36 years ago, deep in rural Louisiana, three young black men were silenced for trying to expose continued segregation, systematic corruption, and horrific abuse in the biggest prison in the US, an 18,000-acre former slave plantation called Angola.
Peaceful, non-violent protest in the form of hunger and work strikes organized by inmates, caught the attention of Louisiana’s first black elected legislators and local media in the early 1970s.
State legislative leaders, along with the administration of a newly-elected, reform-minded governor, called for investigations into a host of unconstitutional practices and the extraordinarily cruel and unusual treatment commonplace in the prison.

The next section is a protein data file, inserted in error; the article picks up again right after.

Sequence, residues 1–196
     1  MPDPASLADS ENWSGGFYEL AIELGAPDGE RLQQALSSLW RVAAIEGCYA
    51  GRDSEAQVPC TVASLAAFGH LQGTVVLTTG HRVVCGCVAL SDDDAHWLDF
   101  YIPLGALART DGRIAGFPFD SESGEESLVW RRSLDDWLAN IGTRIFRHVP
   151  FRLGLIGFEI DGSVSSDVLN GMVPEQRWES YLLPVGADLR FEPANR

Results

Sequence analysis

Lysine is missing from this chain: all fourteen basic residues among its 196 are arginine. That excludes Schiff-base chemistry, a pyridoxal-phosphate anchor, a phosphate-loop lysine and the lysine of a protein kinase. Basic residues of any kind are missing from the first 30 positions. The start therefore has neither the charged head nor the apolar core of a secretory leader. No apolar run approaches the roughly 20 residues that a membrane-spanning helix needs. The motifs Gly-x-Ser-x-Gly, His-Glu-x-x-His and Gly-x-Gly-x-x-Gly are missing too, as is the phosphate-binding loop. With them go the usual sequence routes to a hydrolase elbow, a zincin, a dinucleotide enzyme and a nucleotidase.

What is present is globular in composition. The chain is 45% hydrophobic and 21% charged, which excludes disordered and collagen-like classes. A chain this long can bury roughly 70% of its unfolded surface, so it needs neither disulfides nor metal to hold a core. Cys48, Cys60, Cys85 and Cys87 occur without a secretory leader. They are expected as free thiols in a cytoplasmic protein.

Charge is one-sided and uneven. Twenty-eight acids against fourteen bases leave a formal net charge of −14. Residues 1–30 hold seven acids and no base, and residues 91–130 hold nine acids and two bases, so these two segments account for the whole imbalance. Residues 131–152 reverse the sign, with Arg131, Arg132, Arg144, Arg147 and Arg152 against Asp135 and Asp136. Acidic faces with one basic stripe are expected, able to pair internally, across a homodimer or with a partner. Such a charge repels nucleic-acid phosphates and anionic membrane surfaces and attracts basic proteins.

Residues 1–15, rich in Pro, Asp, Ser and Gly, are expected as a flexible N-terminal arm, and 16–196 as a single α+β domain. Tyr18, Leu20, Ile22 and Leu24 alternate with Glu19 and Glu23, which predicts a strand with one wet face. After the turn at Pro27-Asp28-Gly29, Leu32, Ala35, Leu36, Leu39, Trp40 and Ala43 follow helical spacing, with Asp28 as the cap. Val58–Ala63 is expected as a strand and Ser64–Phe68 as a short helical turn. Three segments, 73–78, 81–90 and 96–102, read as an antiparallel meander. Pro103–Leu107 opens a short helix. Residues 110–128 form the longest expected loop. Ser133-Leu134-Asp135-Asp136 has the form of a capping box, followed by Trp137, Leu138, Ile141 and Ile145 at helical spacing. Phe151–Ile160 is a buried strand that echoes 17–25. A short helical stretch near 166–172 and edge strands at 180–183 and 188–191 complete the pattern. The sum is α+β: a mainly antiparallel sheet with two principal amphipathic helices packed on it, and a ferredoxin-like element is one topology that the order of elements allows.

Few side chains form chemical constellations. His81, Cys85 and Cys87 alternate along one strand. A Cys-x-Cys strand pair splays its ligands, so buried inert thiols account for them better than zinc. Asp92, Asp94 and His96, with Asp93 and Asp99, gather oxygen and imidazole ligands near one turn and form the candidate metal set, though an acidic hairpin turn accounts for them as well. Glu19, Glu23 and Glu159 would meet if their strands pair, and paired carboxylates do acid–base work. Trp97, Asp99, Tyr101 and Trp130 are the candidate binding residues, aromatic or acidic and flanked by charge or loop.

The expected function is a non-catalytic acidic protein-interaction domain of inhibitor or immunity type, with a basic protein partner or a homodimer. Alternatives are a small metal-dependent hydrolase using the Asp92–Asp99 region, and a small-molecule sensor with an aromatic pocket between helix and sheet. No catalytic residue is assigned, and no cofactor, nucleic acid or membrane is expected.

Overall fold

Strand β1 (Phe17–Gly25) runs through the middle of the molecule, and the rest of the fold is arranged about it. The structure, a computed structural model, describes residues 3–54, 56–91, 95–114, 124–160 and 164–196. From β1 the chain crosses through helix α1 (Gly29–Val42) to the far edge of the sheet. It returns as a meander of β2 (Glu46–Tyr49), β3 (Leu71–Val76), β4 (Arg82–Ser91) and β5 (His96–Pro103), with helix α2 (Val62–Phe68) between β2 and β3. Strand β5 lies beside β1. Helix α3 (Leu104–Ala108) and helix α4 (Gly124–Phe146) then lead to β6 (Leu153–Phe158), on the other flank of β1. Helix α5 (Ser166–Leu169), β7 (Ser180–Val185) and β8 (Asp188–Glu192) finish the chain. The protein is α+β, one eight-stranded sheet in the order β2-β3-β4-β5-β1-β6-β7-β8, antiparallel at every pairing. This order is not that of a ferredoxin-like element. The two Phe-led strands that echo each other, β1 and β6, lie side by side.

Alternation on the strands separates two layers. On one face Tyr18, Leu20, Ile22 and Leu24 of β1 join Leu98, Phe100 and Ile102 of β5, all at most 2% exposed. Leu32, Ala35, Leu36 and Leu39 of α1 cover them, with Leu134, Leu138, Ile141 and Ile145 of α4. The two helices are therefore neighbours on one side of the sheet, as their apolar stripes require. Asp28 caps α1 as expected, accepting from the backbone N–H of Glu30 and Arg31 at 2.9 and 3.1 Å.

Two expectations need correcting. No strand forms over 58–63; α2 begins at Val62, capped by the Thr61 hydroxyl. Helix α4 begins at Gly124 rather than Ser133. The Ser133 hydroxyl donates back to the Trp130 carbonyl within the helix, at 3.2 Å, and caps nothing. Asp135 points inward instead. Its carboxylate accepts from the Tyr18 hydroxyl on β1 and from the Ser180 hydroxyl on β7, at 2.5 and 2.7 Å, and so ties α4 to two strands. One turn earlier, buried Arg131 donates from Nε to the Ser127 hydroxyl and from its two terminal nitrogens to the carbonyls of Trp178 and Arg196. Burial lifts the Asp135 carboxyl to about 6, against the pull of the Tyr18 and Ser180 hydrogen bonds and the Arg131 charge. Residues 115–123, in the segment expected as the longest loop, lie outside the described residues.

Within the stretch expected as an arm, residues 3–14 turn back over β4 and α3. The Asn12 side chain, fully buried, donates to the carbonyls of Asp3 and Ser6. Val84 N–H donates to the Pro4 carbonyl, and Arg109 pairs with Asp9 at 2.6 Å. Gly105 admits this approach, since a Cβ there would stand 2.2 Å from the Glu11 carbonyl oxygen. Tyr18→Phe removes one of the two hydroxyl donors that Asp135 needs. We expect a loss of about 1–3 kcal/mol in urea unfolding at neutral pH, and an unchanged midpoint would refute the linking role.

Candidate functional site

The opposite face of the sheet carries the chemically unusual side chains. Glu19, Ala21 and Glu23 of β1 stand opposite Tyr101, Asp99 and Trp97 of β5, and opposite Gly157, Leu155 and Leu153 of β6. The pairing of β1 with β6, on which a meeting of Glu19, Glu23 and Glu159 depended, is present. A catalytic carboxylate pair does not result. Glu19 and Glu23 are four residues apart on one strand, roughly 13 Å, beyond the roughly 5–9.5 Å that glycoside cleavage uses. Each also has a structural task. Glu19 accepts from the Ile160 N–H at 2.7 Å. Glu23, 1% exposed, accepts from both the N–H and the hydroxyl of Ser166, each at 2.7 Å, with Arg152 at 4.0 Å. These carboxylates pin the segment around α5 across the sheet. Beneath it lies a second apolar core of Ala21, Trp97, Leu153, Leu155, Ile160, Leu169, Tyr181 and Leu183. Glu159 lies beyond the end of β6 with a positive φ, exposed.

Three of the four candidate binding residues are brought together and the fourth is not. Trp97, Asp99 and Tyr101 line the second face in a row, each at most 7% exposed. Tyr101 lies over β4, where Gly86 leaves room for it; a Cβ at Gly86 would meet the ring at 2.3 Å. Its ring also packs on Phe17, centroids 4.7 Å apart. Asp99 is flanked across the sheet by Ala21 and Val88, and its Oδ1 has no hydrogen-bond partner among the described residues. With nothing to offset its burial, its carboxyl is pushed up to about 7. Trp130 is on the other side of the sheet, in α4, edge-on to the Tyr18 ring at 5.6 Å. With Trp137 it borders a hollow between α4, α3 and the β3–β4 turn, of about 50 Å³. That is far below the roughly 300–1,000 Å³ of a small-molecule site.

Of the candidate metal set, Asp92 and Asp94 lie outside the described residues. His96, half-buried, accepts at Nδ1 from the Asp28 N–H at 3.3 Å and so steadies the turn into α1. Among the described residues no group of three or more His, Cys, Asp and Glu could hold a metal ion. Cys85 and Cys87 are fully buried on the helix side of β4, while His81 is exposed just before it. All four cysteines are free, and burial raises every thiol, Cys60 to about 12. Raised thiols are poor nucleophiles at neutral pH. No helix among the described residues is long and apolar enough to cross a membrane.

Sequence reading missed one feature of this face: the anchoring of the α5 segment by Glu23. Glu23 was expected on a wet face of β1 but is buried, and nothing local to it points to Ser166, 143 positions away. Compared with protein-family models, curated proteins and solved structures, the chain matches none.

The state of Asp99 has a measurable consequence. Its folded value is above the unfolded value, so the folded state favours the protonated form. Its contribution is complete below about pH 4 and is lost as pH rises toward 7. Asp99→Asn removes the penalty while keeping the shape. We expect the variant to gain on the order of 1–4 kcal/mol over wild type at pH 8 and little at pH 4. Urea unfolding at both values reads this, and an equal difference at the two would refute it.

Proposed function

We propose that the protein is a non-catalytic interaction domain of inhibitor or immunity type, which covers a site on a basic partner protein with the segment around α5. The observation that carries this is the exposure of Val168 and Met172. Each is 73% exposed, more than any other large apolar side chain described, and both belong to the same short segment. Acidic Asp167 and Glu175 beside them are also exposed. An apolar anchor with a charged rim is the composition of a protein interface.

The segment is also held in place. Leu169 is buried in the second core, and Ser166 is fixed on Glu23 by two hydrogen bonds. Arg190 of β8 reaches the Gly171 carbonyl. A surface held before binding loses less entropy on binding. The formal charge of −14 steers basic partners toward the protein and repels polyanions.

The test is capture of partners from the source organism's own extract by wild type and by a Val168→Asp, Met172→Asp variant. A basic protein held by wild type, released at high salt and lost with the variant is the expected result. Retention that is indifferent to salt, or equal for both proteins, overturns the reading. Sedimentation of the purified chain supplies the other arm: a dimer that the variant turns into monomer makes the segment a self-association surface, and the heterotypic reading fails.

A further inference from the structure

In 1972 and 1973 prison officials, determined to put an end to outside scrutiny, charged Herman Wallace, Albert Woodfox, and Robert King with murders they did not commit and threw them into 6×9 foot cells in solitary confinement, for nearly 36 years. Robert was freed in 2001, but Herman and Albert remain behind bars.